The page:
Interview with novelist and writer Dave O’Leary

Today’s
guest has a lot of rhythm (sorry, I had to). Dave O’Leary is here chatting about his
newest novel, The Music Book.
Bio:
Dave
O’Leary is a writer and musician living in Seattle. His second novel, The Music Book, is a collection of the
writings O’Leary has done about Seattle bands for both Northwest Music Scene and the now defunct Seattle Subsonic. It is a fictional narrative wrapped
around and within the actual music, a story about live music in Seattle and,
more broadly, about the power of music in our lives. A CD of the music
experienced in the book has been released by Seattle indie label, Critical Sun
Recordings.
Bibliography:
1.
Horse Bite (Infinitum, October 2011)
2.
Condoms on Christmas (The Monarch
Review, May 2012)
3.
I Was a Mean Boy (Slate.com, March
2013)
4.
The Music Book (Booktrope, October
2014)
5.
Valentine’s Seahorse (Booktrope,
February 2015)
Welcome, Dave. Please
tell us about your current release.
I
have a copy of A Visit from the Goon
Squad
, which is a great book by the way, and one line on the back cover
describes it as something, “with music pulsating on every page.” I liked that.
I already had the idea for The Music Book,
but I wanted to take it further. I wanted music literally dripping from every
page. I wanted the reader immersed in music. I had the music and the music
writing I’d done, so I crafted the story to that end, something about the power
of music in our lives.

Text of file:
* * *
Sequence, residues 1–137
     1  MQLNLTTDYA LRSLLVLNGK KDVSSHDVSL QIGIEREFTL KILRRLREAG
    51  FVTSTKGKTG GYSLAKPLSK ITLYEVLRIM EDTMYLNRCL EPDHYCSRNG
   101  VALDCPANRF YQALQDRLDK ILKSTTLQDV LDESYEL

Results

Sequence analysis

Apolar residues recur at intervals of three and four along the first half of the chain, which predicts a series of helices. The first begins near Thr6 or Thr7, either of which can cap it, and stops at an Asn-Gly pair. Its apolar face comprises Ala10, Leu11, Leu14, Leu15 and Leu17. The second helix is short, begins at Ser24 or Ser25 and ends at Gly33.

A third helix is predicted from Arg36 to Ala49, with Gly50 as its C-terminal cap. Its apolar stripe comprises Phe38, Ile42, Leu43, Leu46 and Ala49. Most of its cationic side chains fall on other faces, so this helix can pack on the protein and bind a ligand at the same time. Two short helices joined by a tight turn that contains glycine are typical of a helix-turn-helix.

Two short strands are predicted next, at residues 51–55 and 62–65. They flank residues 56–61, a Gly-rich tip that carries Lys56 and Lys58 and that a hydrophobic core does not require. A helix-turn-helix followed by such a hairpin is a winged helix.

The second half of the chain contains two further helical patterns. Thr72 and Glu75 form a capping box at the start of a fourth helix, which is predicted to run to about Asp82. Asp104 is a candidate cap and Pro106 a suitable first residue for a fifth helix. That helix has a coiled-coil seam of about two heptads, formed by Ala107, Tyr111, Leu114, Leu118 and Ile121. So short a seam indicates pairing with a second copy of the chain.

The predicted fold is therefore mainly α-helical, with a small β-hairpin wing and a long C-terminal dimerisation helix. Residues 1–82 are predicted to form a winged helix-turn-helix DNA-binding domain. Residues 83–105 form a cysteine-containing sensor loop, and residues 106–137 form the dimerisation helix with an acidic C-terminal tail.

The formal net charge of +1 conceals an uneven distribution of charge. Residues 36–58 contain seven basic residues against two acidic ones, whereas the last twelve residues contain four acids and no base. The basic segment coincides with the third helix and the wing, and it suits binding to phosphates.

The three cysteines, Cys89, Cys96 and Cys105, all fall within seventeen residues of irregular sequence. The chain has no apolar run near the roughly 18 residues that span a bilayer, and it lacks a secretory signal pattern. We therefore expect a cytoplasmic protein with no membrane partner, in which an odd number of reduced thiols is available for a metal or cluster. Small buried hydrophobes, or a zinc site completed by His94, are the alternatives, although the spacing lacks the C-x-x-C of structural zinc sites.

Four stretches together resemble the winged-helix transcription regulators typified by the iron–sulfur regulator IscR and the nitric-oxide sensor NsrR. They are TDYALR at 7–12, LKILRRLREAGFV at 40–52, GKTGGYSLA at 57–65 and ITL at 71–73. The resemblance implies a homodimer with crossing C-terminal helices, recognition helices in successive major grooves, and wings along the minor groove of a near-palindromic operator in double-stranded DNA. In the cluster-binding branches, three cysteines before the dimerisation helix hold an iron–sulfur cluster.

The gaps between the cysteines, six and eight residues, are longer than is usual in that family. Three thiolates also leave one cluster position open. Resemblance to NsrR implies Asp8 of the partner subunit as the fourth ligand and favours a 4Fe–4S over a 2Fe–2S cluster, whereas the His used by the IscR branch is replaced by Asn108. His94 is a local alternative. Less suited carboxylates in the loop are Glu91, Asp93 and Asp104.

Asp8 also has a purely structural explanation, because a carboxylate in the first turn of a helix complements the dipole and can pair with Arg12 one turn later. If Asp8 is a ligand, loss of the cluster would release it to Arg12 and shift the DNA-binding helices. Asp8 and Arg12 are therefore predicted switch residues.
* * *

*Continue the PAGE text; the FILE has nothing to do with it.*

The
blurb on the back of the book goes like this:
What
does music mean? Can it be more than the sum of its notes and melodies? Can it
truly change you? Rob, a musician turned reluctant music critic, poses these
questions as everything important in his life appears to be fading—memories of
lost love, songs from his old bands, even his hearing. He delves into the music
of others to find solace and purpose, and discovers that the chords and
repeated phrases echo themes that have emerged in his own life. The music
sustains him, but can it revive him?
The Music Book is a story of loss,
of fear and loneliness, of a mutable past. But most of all it’s about music as
a force, as energy, as a creator of possibility. What might come from the sound
of an A chord played just so? Rob listens. And among other things, he finds
surprising companionship with a cat; another chance at love; and the courage to
step on a stage again and finally, fully comprehend the power of sound.
What inspired you to
write this book?
When
I was finishing my first book, Horse Bite,
I was contacted by a music blog in Seattle called Seattle Subsonic. They wanted
me to write for them since I’d had some music themes in my personal blog, and
they liked the quality of the writing. I was reluctant at first since I didn’t
want to be a critic. In music, I’d always been the one on stage. I couldn’t
imagine being critic so what I did was insert myself into the writing. It